1. Dawn Harper may not have defended her Olympic gold medal from Beijing, but she will leave London with one heck of a consolation prize. She set a personal best in winning her semifinal and then lowered that time in the finals, finishing second to world champion Sally Pearson of Australia by a mere two hundredths of a second. Harper's silver-medal-winning time was 12.37 seconds, almost two tenths of a second faster than her winning time from Beijing and quick enough to edge fellow Americans Kellie Wells (12.48) and Lolo Jones (12.58).
2. A gold medal won't be awarded in women's beach volleyball until Wednesday, but we already know it will belong to an American team. Two-time defending Olympic champions Misty May-Treanor and Kerri Walsh Jennings swept two sets from China to advance to their third consecutive final. Their opponents will be fellow Americans Jennifer Kessy and April Ross, who upset top-seeded Brazil to earn the right to challenge their better-known countrywomen.
[Related: All-U.S. Olympic beach volleyball final]
3. With Gabrielle Douglas perhaps a little fatigued from all the work she has put in the past week and Jordyn Wieber hurting from a previously undisclosed stress fracture, the U.S. women's gymnastics team turned to Aly Raisman to finish the Olympics off right. Raisman delivered in a big way, winning bronze on the balance beam and gold in the floor exercise. It was a perfect ending for Raisman, who'd lost a tiebreaker for the bronze medal in the all-around competition.
[ Video: Aly Raisman's surprising medal haul ]
4. What's the most surprising little-known fact of the Olympics? How about that Brazil is still searching for its first gold medal in men's soccer? The Brazilians will have a chance to break their hex in London after dispatching of South Korea in Tuesday's second semifinal. To do it, however, they'll have to beat surging Mexico, which scored three goals against a Japanese team that hadn't allowed a goal in the tournament prior to Tuesday.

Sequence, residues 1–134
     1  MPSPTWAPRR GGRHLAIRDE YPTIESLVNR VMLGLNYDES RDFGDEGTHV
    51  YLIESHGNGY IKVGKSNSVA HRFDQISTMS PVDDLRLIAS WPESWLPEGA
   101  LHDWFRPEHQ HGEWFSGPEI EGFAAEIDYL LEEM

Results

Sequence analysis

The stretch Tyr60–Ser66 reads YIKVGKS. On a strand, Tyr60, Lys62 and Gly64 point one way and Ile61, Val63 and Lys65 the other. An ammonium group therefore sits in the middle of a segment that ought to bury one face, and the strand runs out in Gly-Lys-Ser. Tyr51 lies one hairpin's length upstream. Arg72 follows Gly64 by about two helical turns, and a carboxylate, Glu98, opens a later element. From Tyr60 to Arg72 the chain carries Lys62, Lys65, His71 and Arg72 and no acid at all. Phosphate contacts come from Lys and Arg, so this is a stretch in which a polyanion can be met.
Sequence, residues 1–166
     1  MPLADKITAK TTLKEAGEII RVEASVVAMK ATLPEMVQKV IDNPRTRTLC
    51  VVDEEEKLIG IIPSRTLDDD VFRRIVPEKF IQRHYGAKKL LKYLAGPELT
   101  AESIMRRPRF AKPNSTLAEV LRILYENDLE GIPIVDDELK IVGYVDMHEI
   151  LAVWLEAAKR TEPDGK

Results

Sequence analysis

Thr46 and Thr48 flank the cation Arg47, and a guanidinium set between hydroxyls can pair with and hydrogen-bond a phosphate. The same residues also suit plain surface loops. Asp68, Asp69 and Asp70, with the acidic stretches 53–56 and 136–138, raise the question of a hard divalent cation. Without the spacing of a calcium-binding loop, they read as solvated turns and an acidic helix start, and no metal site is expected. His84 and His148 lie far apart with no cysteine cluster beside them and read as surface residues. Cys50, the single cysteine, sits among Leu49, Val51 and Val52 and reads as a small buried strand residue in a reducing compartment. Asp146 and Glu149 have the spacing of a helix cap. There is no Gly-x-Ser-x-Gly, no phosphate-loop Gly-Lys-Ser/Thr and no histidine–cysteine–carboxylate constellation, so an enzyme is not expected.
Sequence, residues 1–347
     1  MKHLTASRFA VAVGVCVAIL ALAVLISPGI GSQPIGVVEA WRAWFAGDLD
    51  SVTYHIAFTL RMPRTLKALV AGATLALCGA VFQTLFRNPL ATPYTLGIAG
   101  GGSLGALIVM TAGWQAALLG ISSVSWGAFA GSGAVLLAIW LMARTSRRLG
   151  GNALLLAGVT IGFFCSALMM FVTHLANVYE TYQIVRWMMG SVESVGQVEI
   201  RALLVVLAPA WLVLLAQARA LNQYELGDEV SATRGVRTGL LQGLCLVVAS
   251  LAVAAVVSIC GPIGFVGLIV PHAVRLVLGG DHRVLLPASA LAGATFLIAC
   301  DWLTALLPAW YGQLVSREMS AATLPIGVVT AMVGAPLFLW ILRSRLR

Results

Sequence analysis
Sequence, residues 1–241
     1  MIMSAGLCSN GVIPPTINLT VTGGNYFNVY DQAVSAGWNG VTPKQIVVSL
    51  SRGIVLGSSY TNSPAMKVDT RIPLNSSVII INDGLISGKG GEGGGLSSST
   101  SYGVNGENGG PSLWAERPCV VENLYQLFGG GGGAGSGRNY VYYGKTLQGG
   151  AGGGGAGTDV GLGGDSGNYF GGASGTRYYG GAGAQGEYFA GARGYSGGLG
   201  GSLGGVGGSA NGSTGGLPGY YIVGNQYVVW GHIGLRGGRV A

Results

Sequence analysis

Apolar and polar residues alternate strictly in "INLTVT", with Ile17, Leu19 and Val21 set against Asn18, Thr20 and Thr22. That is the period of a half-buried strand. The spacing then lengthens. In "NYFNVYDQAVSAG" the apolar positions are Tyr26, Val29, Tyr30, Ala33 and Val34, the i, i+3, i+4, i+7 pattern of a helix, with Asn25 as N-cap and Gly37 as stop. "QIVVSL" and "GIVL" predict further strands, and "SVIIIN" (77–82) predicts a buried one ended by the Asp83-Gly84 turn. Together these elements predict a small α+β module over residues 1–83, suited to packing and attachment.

5. When the U.S. women's water polo team scored the only two goals of overtime to finish off an 11-9 victory over Australia in Tuesday's semifinals, nobody was more relieved by the outcome than coach Adam Krikorian. Only minutes earlier, Krikorian had called a timeout when the U.S. did not have possession of the ball, enabling Australia to score the tying goal on a penalty shot with one second left in regulation. "When the coach makes mistakes, you need your team to pick you up," Krikorian told the Chicago Tribune afterward. "And the team picked me up today."
Instead of atoning for his dramatic injury-induced withdrawal from the Beijing Games four years ago, Chinese hurdler Liu Xiang experienced more Olympic misfortune. The 2004 Olympic 100-meter hurdles champ hit the first hurdle in Tuesday's heat and fell to the ground, preventing him from advancing. Liu did not leave London without delivering one memorable moment, though. He hopped the length of the track toward the finish line and kissed the 10th and final hurdle in his lane, a farewell from a 29-year-old Chinese legend who probably has run his last Olympic race.
"To use the nickname just points and screams of lazy journalism by the national media, that's really what it is. It's no fault at all of the young gymnasts. But I really wish they would have come up with a more creative tag for them." — Former basketball star Jalen Rose on the U.S. women's gymnastics team sharing the "Fab Five" nickname with his Michigan team. (97.1 The Ticket)
Tuesday's Gold Medal Moments for Team USA: Aly Raisman, women's floor exercise
U.S. Olympians with best chance at gold on Wednesday: Allyson Felix, women's 200 meters; LaShinda Demus, women's 400 hurdles; Aries Merritt, men's 100 hurdles; Misty May-Treanor and Kerri Walsh-Jennings, women's beach volleyball
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